Saturday, April 4, 8 p.m.
The economy may be contracting—and with it Vegas’ convention business and my shoe budget—but interest in all things rockabilly is somehow inexplicably expanding. Funny thing is, it costs a fortune to be this retro!
Word around the Bettie Page store Thursday was that so far, those that had checked in to the Orleans for the 12th annual Viva Las Vegas Rockabilly Weekend were quite pleased with the upgrade from the Gold Coast. After 11 years of loyalty to founder Tom Ingram’s wild Vegas weekends of jive lessons, car shows, burlesque competitions and nearly nonstop live performances, the music festival had swelled to about 6,500, beyond the Gold Coast’s capacity. Still, others are staying at the Gold Coast anyway, preferring to take the free shuttle and save their ducats for beaucoup Pabst Blue Ribbon and some fresh pomade. I think I personally funded a car company’s bailout.
My first purchase of the weekend was selected for me by the diminutive pin-up icon, model and clothing/lingerie designer Bernie Dexter. Trying my best not to get arrested, I slip into Dexter’s Hardware collection “bullet bra” in the Orleans parking lot. A pack of twee little Femme Form bullet pads give me that preppy, pointy ’40s/’50s silhouette. Heck, I am already squeezed into a girdle and be-crinolined circle dress with a waist so tiny I might have been dressed by injection molding.
I smooth the dress down, noting that I look very much like the women in my father’s 1959 bar mitzvah home videos. I’m not alone. At the Crawfish Bar outside the Orleans Showroom, a throng of similarly outfitted gals and guys—the gum-snapping Rosie the Riveters, a pin-curl parade of Bettie Pages (strangely, the smuggest), Brylcreem-coiffured Teddy Boys and macho greasers—compare notes on being retro and sip $2 PBRs. I’ve died and gone to the ’50s!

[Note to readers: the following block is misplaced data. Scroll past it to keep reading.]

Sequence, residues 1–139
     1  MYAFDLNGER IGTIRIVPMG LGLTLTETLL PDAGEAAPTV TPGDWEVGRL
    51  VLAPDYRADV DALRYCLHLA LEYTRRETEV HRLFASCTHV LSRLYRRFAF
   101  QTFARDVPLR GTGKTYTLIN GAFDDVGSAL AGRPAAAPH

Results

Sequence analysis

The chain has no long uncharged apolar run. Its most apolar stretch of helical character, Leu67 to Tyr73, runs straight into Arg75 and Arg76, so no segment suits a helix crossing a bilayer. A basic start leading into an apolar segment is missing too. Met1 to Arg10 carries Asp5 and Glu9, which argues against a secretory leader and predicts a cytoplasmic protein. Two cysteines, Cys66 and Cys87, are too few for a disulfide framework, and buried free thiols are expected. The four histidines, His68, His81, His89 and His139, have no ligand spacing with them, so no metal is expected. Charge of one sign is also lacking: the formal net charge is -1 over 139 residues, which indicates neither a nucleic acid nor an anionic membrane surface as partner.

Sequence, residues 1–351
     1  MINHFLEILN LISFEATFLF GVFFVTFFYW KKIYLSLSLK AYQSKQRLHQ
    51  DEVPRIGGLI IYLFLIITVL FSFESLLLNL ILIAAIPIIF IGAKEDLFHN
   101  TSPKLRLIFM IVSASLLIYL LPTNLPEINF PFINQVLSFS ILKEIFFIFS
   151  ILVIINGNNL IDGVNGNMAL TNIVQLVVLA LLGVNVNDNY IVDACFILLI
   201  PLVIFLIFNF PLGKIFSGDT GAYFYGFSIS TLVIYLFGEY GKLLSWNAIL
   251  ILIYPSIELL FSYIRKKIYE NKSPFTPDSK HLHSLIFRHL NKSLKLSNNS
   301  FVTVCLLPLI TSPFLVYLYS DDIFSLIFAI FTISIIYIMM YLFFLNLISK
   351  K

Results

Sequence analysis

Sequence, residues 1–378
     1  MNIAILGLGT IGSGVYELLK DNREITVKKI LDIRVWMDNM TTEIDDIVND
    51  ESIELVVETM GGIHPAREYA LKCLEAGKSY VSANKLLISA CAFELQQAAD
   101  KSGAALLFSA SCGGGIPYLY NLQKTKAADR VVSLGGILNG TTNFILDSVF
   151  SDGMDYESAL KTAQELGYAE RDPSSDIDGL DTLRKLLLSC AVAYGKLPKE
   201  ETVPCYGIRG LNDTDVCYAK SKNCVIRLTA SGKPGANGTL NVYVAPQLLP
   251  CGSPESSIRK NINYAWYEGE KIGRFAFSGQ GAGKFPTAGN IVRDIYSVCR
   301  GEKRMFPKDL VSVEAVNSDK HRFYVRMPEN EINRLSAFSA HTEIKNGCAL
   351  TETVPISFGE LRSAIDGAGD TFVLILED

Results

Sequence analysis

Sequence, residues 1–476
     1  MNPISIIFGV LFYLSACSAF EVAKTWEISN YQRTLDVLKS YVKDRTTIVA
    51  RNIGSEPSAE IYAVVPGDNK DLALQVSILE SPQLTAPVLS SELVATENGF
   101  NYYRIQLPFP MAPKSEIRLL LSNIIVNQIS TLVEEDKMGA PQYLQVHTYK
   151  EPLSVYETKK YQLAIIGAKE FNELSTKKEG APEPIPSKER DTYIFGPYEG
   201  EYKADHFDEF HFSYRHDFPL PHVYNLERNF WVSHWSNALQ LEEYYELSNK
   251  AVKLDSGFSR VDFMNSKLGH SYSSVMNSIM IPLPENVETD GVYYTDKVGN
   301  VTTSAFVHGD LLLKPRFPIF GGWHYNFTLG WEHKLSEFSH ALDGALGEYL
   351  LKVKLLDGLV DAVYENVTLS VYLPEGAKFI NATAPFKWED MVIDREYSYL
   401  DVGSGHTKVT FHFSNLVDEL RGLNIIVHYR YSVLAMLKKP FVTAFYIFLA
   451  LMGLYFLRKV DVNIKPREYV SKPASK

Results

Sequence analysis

The showroom begins to fill up with all of this and more: vintage navy suits, sweater sets, the porkpie-hatted ’30s/’40s swing-era aficionados and the pierced and tatted rockabilly punks … all blend together into a retro soup, in agreement that young Elvis beats old Elvis and stepping on each other’s spectator pumps to find their seats until barely a one is empty.
Everyone sports a little sunburn from the afternoon’s car show, where an estimated 20,000-25,000 people, a cross-section of humanity (and, it seemed, the entire population of southern California), turned up to drool over pre-1964 stock classics, low-riders and customs and to buy more snoods, vintage purses and chinoiserie parasols.
Finally, the lights dim. Last year’s burlesque-competition winner, Dizzy Von Damn, doffs her kit to a Tiki-esque ditty, after which the so-called stage kitten, Vegas’ Vi Vacious, and co-producer Renea le Roux (“The Southern Belle from Hell”) pick up the stripping detritus.
There are thin girls, thick girls, tan ones and pale ones, girls who waist-train with corsets and one who simply has no waist. But regardless of their personal style, they share the ability to draw our attentions to the slightest of details, like a wrist or an ankle and maybe—ooh!—a knee! “Subtle is sexy,” says co-producer Victoria Vengeance. For all the time they spent primping in the dressing rooms putting it on, it takes but a second for it all to land in a pile on the floor. Call it art mimicking life.
The audience eats up every second of it. Not surprisingly, they very loudly show their preference for real breasts, real curves. Gals who can get their nipple tassels in a twirl are held up as goddesses among women. And just when Vegas had me thinking fake boobs were the end-all, be-all. Burlesque is a size-acceptance art.
In the end, Lucy Fur, the life-size Tiki doll, takes first place, with Vegas’ own Cha Cha Velour of the Babes in Sin burlesque troupe (and also a registered nurse) taking second.
The audience files out, still arguing the merits of Cha Cha’s shimmy over Lucy’s shake, and heads upstairs to catch one of 50 live bands or to the vendor market to peruse vintage records or a new pair of old gloves. That’s right, kids, keep it coming, do your part. Uncle Tom (Ingram) wants to see you again in October for the second annual Rockabilly Rave, when we’ll do it all over again.